Chinese immigration into Vietnam visibly increased following the French colonization of Vietnam from 1860 onwards following the signing of the Convention of Peking whereby the rights of Chinese to seek employment overseas were officially recognized by the Chinese, British and French authorities. Unlike their Vietnamese predecessors, the French were very receptive of these Chinese immigrants as it provided an opportunity to stimulate trade and industry, and they generally found employment as laborers or middlemen. The French established a special Immigration Bureau in 1874 requiring Chinese immigrants to register with the Chinese clan and dialect group associations and eased trade restrictions that were previously in place. Historians such as Khanh Tran viewed this as a divide-and-conquer policy, and its implementation intended to minimize the chances of any Vietnamese revolt against the French authorities. The Chinese population witnessed an exponential increase in the late 19th century and more so in the 20th century; between the 1870s and 1890s, some 20,000 Chinese settled in Cochinchina. Another 600,000 arrived in the 1920s and 1930s, and peaks in the migration patterns were especially pronounced during the 1920s and late 1940s when the effects of fighting and economic instability arising from the Chinese Civil War became pronounced.
The inter-ethnic marriage between Chinese and Vietnamese brought Chinese customs into Vietnam society. For example, crocodiles were eaten by Vietnamese while they were taboo and off-limits for Chinese. Vietnamese women who married Chinese men adopted the Chinese taboo.
Vietnamese women were wedded to the Chinese who helped sell Viet Minh rice.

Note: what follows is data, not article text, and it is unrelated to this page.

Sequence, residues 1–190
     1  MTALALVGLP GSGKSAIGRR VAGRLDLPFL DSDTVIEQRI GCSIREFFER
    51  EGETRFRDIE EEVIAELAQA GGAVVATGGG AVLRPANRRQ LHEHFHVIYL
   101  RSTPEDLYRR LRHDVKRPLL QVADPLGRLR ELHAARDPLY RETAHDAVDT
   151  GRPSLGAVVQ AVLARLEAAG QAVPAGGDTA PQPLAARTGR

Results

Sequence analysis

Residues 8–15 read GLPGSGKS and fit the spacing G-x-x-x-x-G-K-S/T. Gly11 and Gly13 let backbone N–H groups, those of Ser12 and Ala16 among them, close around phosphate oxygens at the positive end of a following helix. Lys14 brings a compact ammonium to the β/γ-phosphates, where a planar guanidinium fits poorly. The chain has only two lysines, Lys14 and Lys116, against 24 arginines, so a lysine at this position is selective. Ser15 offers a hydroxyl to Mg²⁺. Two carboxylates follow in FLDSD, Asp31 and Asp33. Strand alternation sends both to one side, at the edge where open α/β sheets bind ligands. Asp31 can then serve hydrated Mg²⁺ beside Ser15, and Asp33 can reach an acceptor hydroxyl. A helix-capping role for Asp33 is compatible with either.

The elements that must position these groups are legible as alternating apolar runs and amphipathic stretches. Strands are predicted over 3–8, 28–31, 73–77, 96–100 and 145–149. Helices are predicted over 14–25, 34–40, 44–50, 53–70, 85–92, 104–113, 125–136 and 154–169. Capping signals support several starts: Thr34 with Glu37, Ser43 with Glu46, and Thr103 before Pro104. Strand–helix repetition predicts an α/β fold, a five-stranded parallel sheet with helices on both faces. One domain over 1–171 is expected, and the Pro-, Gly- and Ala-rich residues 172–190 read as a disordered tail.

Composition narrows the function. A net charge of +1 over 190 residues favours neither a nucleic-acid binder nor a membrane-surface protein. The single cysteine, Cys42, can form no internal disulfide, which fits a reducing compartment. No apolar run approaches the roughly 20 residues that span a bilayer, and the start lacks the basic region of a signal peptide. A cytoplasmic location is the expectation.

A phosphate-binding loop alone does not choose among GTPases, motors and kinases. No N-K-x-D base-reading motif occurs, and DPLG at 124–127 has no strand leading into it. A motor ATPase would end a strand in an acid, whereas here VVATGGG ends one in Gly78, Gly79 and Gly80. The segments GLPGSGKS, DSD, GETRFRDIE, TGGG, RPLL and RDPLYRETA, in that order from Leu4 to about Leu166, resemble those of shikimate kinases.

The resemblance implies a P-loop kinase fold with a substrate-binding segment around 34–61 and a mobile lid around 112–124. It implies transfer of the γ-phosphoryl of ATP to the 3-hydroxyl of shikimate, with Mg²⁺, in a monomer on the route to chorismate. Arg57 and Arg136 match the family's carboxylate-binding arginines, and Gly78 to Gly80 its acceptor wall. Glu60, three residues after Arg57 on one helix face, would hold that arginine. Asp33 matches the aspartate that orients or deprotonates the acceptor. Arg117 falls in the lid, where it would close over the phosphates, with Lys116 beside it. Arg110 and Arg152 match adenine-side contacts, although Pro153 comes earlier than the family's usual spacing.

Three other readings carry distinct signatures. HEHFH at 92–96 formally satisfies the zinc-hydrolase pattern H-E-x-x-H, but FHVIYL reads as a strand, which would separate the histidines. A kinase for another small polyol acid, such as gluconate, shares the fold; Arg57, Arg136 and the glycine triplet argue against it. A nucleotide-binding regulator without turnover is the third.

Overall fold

At a party plenum in 1930, the Indochinese Communist Party made a statement that the Chinese were to be treated on an equal footing with the Vietnamese, specifically defining them as "The workers and laborers among the Chinese nationals are allies of the Vietnamese revolution". One year after the state of North Vietnam was established, a mutual agreement was made between the Chinese Communist Party and Communist Party of Vietnam to give ethnic Chinese living in North Vietnam Vietnamese citizenship. This process was completed by the end of the 1950s.
During the Vietnam War, the initially favorable situation of the Chinese minority in North Vietnam began to deteriorate. In 1967–1968, friction started to occur in Sino-DRV relations, because the People's Republic of China disapproved of both Hanoi's broadening cooperation with the Soviet Union and the North Vietnamese decision to start negotiations with the U.S. in Paris. Inspired by the Chinese embassy, the official newspaper of the ethnic Chinese community published a number of anti-Soviet articles until the DRV authorities replaced its editors with some more compliant cadres. Anxious to prevent Beijing from exerting a political influence on the Chinese minority.